The one-time race winner has been particularly enthused by the project ahead of him in helping to turn Alpine from perennial midfield runners to a consistent front-running operation. Gasly has been effusive in his praise that such a turnaround is only a matter of time and his confident words have been supported by his new team during the winter period.
With much attention to improving its poor reliability record from last year, a striking car philosophy at launch and plans in place for an aggressive development plan at the beginning of the campaign, Alpine as a collective unit has talked up its prospects of an even stronger season.
Understandably, Gasly has appeared a rejuvenated figure since moving to a team with ambitions of competing for championships after growing frustrated increasingly last year.
With his chance of a redemption arc with Red Bull ruled out and AlphaTauri realistically never likely to be able to topple its championship-winning sister outfit, Gasly had effectively outgrown his previous team.
However, while there are plenty of positives to be viewed from his winter switch, there can be absolutely no guarantees that Gasly will thrive in his new surroundings.
While he performed amazingly well at Toro Rosso/AlphaTauri across his three-and-a-half year second spell there, question marks can be drawn over the calibre of team-mates he dispatched during his moderately successful stint with the Italian side.
Defeating every driver since his demotion may have enhanced his reputation, but defeating Brendon Hartley, a confidence-ridden Daniil Kvyat and an inexperienced Yuki Tsunoda is hardly a glittering resume, especially in comparison to other drivers.
That includes Ocon, who has a considerably stronger record in that department. The ex-Mercedes academy driver outpaced the respected Sergio Perez in his opening two full-time years before achieving a feat that many other drivers have failed to – except for Lewis Hamilton – in being extremely close to Alonso in every department.
Unsurprisingly, Ocon will therefore represent the biggest test of Gasly’s career since he was thoroughly destroyed by Max Verstappen.
The reignition of an old rivalry from karting will be a benchmark to how much Gasly has improved from the Red Bull days, when his adaptability and communication skills were also called into question.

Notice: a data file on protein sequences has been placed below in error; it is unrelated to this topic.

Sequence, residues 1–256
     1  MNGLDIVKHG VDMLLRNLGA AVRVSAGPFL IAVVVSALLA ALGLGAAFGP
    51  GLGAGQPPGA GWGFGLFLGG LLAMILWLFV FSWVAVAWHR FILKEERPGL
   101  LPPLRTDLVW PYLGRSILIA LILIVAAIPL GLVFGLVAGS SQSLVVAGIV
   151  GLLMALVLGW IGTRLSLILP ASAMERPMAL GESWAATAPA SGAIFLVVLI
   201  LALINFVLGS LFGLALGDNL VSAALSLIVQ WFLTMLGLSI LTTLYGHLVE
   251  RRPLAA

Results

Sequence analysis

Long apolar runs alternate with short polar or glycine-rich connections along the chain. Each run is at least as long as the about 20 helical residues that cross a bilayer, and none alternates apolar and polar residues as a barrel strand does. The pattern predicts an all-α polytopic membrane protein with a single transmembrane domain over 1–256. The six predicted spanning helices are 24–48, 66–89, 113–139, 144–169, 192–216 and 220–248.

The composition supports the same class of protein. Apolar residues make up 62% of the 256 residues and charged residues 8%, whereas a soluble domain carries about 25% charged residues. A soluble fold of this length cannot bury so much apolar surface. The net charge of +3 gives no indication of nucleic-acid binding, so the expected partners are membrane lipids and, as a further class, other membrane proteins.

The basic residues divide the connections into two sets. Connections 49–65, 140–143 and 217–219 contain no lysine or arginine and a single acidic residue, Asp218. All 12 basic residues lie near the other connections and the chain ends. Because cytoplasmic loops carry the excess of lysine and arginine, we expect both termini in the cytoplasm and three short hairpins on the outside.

Failure to perform and at least provide Ocon close company on the track could lead Gasly to end up in the same predicament Daniel Ricciardo found himself in as recently as last year, whereby he was discarded without much disagreement from most quarters.
Although Ricciardo’s plight occurred in slightly differing circumstances, the Australian left behind a front-running seat at Red Bull and never recovered to that position once his struggles at McLaren became abundantly more than a temporary matter.
Ricciardo provided proof that only so much time can be brought before credit in the bank for past performances completely dissolves.
If a nine-time race winner – who did succeed in a top team, unlike Gasly – fails to command a place on the grid, the Frenchman would surely be on thin ice if his Alpine adventure fails to deliver the results every party will be hopeful for.
The three-time podium finisher believes he is capable of fighting for frequent race wins and the coveted prize of a World Championship even after his failed stint at Red Bull.
A transfer up the order is a chance he’s been longing for and Alpine’s mismanagement of its driver roster has handed Gasly an F1 reprieve he can’t afford to waste – one that could be determined as a make-or-break move for his career.